Thursday, July 17, 2014

The tumult and the joy of writing Modern Man, my forthcoming biography of Le Corbusier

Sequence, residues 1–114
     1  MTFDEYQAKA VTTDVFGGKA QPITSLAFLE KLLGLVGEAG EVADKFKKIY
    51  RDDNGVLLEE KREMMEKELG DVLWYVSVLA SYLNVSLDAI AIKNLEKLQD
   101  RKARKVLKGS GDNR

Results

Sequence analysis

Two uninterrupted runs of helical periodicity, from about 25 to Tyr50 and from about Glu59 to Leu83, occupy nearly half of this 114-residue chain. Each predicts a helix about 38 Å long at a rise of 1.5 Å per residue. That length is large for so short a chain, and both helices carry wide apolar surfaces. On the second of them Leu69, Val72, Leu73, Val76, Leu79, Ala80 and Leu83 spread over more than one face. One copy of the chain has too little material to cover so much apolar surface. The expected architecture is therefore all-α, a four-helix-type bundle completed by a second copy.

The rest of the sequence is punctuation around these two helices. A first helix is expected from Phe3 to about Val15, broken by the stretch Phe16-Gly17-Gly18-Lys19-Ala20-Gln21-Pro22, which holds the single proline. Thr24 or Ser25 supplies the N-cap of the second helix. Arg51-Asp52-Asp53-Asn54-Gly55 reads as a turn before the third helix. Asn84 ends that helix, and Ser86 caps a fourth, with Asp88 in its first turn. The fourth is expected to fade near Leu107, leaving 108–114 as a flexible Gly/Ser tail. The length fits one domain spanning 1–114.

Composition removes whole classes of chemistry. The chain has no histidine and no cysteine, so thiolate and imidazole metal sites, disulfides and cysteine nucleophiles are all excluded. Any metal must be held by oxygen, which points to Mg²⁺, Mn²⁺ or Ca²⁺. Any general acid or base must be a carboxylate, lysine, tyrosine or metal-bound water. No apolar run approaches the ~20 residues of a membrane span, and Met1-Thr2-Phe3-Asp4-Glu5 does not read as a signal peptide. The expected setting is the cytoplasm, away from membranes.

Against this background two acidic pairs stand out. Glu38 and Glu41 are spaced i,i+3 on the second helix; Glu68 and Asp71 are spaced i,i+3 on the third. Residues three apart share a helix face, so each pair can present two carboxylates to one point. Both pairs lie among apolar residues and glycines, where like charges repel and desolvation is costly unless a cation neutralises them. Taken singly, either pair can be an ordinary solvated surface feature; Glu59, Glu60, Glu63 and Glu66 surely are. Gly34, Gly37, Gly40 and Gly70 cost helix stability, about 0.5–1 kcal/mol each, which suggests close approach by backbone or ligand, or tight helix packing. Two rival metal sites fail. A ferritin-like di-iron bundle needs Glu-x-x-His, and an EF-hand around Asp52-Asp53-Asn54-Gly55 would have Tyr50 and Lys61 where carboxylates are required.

Creation is a patient search, said Le Corbusier, the subject of my new book, Modern Man: The Life of Le Corbusier, Architect of Tomorrow. Over the last two years, I've begun to appreciate what he meant. Researching and writing Modern Man has been an invigorating and slightly exhausting experience. But it's all paying off in the coming months. The official publication date is November 4, and we're beginning to figure out how to tell the world about the book. Editor Ed Park and everyone at Amazon Publishing has been superbe from start to finish. One of the greatest pleasures of being immersed in a subject like this is watching how Le Corbusier and 20th-century modernism keeps cropping up in the contemporary conversation. At my author's Facebook page, I've been curating related content, from the latest Chanel fashion line -- Coco Chanel and Le Corbusier both had summer houses in Roquebrune-Cap-Martin, though the architect's place was a bit smaller -- to the need for efficient housing in the explosive worldwide urban expansion that is well under way, to the embrace of Le Corbusier by Kanye West. I am already grateful for the esteemed group that has provided advance praise, otherwise known as blurbs, for Modern Man, and it appears that there has already been a pre-publication review. In a First Things post headlined Medieval Modernist, author Peter J. Leithart appreciates the passages related to Le Corbusier's travels as a young man, specifically the inspiring visit to the monastery at Val d'Ema in Italy. "He admired the grandeur of Gothic, and drew pictures of Notre Dame among other cathedrals," Leithart writes. "But he relished the simplicity and poverty of monastic architecture." All quite true, and just one of many sometimes slightly contradictory influences pulsing through the great architect's mind over time. My goal was to write a biography of genius, and in the end suggest how Le Corbusier's approach to innovation and (sorry for the cliche) thinking outside the box might inform urban planning, urban design, and particularly housing construction today. If Le Corbusier was the Steve Jobs of his day, projects like the Villa Savoye outside Paris were the architectural equivalent of the IPhone. Many scholars have written about Le Corbusier, in very specialized ways; I hope that Modern Man will be an enjoyable read for a much broader audience.